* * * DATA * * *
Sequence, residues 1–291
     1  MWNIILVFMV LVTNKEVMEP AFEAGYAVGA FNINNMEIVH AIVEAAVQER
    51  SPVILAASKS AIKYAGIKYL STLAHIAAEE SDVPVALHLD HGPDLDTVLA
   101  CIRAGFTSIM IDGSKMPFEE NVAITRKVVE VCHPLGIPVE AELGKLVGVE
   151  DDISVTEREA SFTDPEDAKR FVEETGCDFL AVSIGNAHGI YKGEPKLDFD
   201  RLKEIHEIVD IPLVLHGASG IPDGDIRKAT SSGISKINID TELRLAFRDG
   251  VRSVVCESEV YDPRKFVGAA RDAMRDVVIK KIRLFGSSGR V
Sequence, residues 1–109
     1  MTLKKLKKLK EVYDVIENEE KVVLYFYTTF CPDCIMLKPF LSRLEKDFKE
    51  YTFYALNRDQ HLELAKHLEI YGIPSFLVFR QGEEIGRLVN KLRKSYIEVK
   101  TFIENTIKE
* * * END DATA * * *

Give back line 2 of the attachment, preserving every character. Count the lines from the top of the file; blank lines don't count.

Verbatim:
     1  MWNIILVFMV LVTNKEVMEP AFEAGYAVGA FNINNMEIVH AIVEAAVQER